Your health is like a credit card..
You can definitely put things onto your credit card once in a while. You can even use a credit card to help bridge the gap when you’re short on funds. But sooner or later you need to pay it off.
But if you keep on making withdrawals against your card without ever putting money back into it then you’re going to end up in serious trouble.
Your health is the same way. You can’t borrow against it indefinitely.
If you keep asking your body to push hard without giving it the time and support to recover then things are eventually going to go catastrophically wrong.
Now of course you can push the envelope of your physical ability from time to time. You can (and should) occasionally test your limits because doing difficult things can be a profoundly transformative experience.
But after beating the crap out of your body you need to balance the books by giving it the opportunity to recover.
Hard training without quality recovery is a recipe for disaster.
Listen to my Podcast Episode on Recovery from Training Here
If you prefer, you can listen to me talk about recovery on my podcast (The Strenuous Life Podcast) in audio only format.
It’s episode 312 and you can listen to it pretty much anywhere that podcasts are streamed, including the following apps:
If you don’t have a preferred podcast player you can can listen on the Grapplearts BJJ Master App which you can download for free for iPhone and iPad in the Apple App Store here or for Android devices in the Google Play Store here.
Or you can stream the audio in the embedded player here…
Strain, Recovery, Overtraining and Supercompensation
To understand the importance of recovery let’s talk about stress, recovery, supercompensation and overtraining…
Optimal health is a balance between putting strain on your body and then allowing it to recover in order to get all those adaptive benefits.
Overtraining is breaking your body down faster than you can recover from it (click here for a detailed discussion of overtraining).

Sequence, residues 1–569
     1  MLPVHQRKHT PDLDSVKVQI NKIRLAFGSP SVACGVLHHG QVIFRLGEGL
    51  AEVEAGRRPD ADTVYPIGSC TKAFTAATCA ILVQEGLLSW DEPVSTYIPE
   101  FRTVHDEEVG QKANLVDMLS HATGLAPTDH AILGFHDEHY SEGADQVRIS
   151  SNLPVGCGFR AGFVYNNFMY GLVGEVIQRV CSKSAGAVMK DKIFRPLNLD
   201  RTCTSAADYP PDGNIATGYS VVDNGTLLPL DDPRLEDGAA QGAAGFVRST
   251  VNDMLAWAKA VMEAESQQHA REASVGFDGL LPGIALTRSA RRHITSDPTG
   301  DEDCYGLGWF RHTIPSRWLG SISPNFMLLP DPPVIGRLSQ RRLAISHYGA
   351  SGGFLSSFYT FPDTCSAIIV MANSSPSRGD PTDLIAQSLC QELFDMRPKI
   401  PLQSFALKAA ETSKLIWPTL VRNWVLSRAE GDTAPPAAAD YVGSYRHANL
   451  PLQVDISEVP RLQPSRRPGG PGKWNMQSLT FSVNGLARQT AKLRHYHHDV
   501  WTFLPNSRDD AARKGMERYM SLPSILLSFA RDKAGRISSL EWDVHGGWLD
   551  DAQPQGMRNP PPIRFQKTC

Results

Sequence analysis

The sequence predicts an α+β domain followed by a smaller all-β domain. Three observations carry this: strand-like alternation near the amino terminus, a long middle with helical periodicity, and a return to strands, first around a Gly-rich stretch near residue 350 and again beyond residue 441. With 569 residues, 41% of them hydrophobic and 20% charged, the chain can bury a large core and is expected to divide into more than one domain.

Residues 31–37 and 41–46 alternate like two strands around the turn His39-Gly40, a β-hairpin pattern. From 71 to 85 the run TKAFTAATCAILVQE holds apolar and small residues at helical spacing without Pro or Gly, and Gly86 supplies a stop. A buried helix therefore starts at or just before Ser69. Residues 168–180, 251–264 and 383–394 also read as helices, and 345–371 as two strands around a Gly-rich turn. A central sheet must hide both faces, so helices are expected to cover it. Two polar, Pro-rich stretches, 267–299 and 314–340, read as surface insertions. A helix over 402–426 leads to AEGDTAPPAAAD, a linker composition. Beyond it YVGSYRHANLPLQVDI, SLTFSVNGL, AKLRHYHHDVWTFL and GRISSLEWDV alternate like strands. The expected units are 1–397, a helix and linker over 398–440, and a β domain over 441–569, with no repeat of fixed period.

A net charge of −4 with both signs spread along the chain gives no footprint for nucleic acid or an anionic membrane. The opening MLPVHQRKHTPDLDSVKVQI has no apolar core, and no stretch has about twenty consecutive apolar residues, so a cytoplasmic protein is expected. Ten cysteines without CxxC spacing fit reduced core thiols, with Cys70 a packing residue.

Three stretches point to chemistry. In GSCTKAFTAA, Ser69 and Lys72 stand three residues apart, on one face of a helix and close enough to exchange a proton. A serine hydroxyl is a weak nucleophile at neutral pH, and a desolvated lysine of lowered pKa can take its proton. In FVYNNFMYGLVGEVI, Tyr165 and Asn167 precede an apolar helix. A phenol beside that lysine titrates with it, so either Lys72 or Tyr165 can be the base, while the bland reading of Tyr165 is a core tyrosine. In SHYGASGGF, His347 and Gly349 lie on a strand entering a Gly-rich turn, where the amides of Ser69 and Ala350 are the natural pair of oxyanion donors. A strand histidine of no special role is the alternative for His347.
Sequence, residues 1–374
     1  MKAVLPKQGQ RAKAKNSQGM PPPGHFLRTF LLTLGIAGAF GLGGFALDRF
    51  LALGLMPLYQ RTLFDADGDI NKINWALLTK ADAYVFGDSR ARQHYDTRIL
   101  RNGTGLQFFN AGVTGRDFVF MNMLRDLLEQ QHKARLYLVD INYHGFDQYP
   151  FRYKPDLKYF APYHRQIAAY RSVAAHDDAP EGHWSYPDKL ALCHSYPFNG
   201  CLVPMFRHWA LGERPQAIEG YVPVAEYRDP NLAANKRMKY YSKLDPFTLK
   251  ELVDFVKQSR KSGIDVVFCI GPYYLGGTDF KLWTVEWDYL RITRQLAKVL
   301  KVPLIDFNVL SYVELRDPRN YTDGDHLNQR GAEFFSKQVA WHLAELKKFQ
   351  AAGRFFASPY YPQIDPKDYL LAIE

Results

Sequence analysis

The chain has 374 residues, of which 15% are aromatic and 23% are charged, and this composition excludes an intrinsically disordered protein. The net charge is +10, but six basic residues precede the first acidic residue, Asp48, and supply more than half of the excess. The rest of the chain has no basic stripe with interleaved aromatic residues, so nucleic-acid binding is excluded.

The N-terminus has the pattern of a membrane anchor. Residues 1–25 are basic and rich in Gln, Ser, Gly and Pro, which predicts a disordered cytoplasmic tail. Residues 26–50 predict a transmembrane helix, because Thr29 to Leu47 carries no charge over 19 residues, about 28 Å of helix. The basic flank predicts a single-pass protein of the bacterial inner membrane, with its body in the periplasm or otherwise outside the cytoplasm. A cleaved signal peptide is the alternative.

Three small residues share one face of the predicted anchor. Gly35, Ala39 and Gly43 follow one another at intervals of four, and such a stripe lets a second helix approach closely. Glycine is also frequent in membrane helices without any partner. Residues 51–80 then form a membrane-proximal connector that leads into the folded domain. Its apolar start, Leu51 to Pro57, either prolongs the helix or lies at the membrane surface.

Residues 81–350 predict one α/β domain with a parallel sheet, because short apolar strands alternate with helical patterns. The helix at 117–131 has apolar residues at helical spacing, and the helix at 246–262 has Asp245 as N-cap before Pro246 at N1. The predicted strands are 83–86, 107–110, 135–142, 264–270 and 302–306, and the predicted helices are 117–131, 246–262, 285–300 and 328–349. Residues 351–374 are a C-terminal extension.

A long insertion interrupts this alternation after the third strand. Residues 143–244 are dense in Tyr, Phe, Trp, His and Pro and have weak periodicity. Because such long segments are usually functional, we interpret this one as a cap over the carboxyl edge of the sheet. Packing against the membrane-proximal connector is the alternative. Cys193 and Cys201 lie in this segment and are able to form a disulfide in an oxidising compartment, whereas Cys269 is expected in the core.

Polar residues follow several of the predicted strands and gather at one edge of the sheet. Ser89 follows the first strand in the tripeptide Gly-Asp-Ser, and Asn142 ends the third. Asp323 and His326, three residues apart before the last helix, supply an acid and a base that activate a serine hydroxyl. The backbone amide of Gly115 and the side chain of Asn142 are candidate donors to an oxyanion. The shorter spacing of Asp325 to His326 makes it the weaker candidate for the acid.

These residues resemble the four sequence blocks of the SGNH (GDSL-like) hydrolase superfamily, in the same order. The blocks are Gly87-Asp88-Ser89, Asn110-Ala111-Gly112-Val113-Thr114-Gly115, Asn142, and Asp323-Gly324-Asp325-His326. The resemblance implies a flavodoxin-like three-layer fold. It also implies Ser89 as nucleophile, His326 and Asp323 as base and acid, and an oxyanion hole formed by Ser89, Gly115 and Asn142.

Let’s start with a regular training and recovery cycle which looks something like this:
Training, recovery, and supercompensation stages
(from my Overtraining in the Martial Arts article)
Note that your capacity to do work actually decreases right after a workout. Think of it this way: you’re unlikely to set your bench press record at the end of a hard chest and triceps workout because those muscles are tired, right?
It’s not until after you recover from your workout that your ability to work hard actually improves for a while (the supercompensation period), and then fades away again.
Now if you get the timing right and have an optimal mix of training and recovery then your overall work capacity will gradually increase over time.
Gradual increase of athletic baseline capacity in response to training, recovery and supercompensation.
But if the recovery period is too short, or the training too severe, then you get overtraining. Overtraining inevitably leads to a decline in work capacity, illness and injury.
Stress on the body is good, but stress without recovery is bad.
Insufficient recovery leading to decreasing performance and health.
Certainly there are times when you have to put your health on the backburner for a while because life can sometimes present us with situations where either the level of stress is too high, or the amount of recovery is too low. For example…
- Maybe you’re in an intense training camp getting ready for a competition,
- Or maybe you’re cramming for some sort of an exam and you’re only able to get a few hours of sleep a night,
- Or maybe you’ve got massive deadlines at your day job and can’t train at all,
- Or maybe you’ve got a newborn infant in the house and an uninterrupted night’s sleep is just a distant memory,
- Or maybe you’re on a wilderness trip trying to make an extraction deadline.
For myself there were times that I was getting ready for a competition, or trying to complete a difficult arctic solo canoe trip, where I was in deficit for very long periods of time.
I was racking up a hefty negative balance on my health credit card and rolling the dice on the injury front. There was just no way around it.
But just because you can maintain a frenetic pace for a short time doesn’t mean that it’s sustainable for the long term.
So make sure that these situations are TEMPORARY. Commit yourself to either reducing the physical toll on your body, or vastly improving the amount of recovery you’re getting, as soon as possible.